When tanking down, be sure the water pumped into the fish hold is
full-strength seawater. Take water from the middle of a sound, away
from glacier and river runoff, if possible. If you must tank down in
harbor, do so towards the peak of the flood. Seawater that is diluted
with fresh water will freeze up the chiller before desired hold temperature
is reached. Adding freshwater ice to the fish hold before tanking down, to
"jump start" the system (so the system doesn't have to be run on the way out
to the grounds) reduces the salinity of the water and raises its freezing
temperature, making freezing-up more of a concern. Starting with ice is OK
for chilling round salmon, where we're trying for an optimum temperature that
ensures consistent product quality (we don't want to freeze eggs), but not for,
for example, blackcod, where we are trying for the lowest possible temperature
without freezing up the chiller.
Initial System Startup
If your unit is equipped with a compressor crankcase heater, the heater should be energized for several hours prior to starting the compressor. On some units the heater is energized when the control power circuit breaker is made. If the unit has been off for an extended period, energizing the heater overnight is good practice.
Before starting the unit, check oil level in the sight glass located on compressor base. You should be able to see an oil level. If you can't see a level it is sometimes difficult to tell if the crankcase oil level is low or is overfilled. Closer inspection with a focused-beam flashlight will help. Keep in mind that refrigeration oil is highly refined and under normal operation conditions is very pale yellow. If oil is not visible in the compressor sight glass, don't start the compressor until you can add more. Also check pressure gauges, paying particular attention to the suction pressure gauge. Some residual refrigerant pressure should read on the gauges. If they all read zero, the system refrigerant charge has leaked out. If the suction gauge reads zero, even though there is pressure reading on the discharge gauge, there might be a leak in the chiller. If in addition the indicator in the liquid line sight glass shows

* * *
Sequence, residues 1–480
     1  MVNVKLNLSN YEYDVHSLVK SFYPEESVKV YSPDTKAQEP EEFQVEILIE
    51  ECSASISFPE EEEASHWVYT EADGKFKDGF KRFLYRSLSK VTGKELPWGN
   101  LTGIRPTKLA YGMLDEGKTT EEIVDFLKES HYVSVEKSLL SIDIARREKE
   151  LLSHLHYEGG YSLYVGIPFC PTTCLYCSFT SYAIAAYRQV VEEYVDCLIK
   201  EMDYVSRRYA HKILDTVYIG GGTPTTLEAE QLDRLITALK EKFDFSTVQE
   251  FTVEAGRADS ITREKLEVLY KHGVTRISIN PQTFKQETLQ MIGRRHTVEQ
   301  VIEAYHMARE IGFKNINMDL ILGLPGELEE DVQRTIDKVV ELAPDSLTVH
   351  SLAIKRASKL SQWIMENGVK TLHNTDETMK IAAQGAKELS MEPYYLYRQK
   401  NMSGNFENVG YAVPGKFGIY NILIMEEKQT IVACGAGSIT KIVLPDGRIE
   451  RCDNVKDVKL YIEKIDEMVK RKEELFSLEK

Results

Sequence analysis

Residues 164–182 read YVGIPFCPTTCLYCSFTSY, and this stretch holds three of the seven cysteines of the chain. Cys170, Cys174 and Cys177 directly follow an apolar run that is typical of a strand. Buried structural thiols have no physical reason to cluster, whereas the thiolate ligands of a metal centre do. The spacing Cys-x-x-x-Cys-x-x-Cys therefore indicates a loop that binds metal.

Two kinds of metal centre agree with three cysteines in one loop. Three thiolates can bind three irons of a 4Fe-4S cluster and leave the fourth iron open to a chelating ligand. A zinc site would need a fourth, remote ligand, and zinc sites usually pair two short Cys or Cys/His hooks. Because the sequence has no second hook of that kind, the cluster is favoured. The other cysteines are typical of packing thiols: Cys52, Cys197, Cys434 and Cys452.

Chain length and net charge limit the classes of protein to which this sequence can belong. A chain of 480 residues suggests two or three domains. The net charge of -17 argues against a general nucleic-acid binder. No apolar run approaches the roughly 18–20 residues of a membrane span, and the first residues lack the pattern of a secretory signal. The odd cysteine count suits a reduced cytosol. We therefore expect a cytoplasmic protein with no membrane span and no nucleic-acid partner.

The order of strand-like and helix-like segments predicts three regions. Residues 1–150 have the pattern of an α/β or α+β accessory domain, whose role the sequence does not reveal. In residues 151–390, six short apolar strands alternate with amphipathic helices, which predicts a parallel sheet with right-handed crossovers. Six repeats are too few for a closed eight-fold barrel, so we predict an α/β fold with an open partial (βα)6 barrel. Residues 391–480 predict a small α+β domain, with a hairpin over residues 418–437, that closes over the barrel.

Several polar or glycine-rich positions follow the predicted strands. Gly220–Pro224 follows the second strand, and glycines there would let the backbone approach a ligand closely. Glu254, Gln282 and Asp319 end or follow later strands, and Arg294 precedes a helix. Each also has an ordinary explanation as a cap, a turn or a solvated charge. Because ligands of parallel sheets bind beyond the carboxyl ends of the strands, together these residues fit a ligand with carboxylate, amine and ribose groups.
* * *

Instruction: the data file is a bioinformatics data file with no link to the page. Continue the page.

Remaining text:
"wet", it is time to call the serviceman. Running the system in this situation could compound a relatively simple repair job into a major one.
Make sure all refrigerant hand valves are open, including valves to control lines. Assure that the water in the tank is circulating through the chiller only (on bypass valves left open) and that the condenser pump is running raw seawater through the condenser. Switch the compressor on. If the compressor comes on, allow it to pump down the residual refrigerant left in the chiller before energizing the liquid line solenoid.